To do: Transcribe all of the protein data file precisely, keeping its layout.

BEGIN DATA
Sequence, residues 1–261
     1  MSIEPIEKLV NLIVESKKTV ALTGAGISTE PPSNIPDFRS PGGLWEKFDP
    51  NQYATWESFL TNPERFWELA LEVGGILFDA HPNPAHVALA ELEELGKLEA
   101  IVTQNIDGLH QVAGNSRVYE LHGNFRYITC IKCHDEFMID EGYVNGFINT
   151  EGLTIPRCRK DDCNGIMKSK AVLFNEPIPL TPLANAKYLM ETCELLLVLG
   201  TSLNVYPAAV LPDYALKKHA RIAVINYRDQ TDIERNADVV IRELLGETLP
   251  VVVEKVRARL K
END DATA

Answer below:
Sequence, residues 1–261
     1  MSIEPIEKLV NLIVESKKTV ALTGAGISTE PPSNIPDFRS PGGLWEKFDP
    51  NQYATWESFL TNPERFWELA LEVGGILFDA HPNPAHVALA ELEELGKLEA
   101  IVTQNIDGLH QVAGNSRVYE LHGNFRYITC IKCHDEFMID EGYVNGFINT
   151  EGLTIPRCRK DDCNGIMKSK AVLFNEPIPL TPLANAKYLM ETCELLLVLG
   201  TSLNVYPAAV LPDYALKKHA RIAVINYRDQ TDIERNADVV IRELLGETLP
   251  VVVEKVRARL K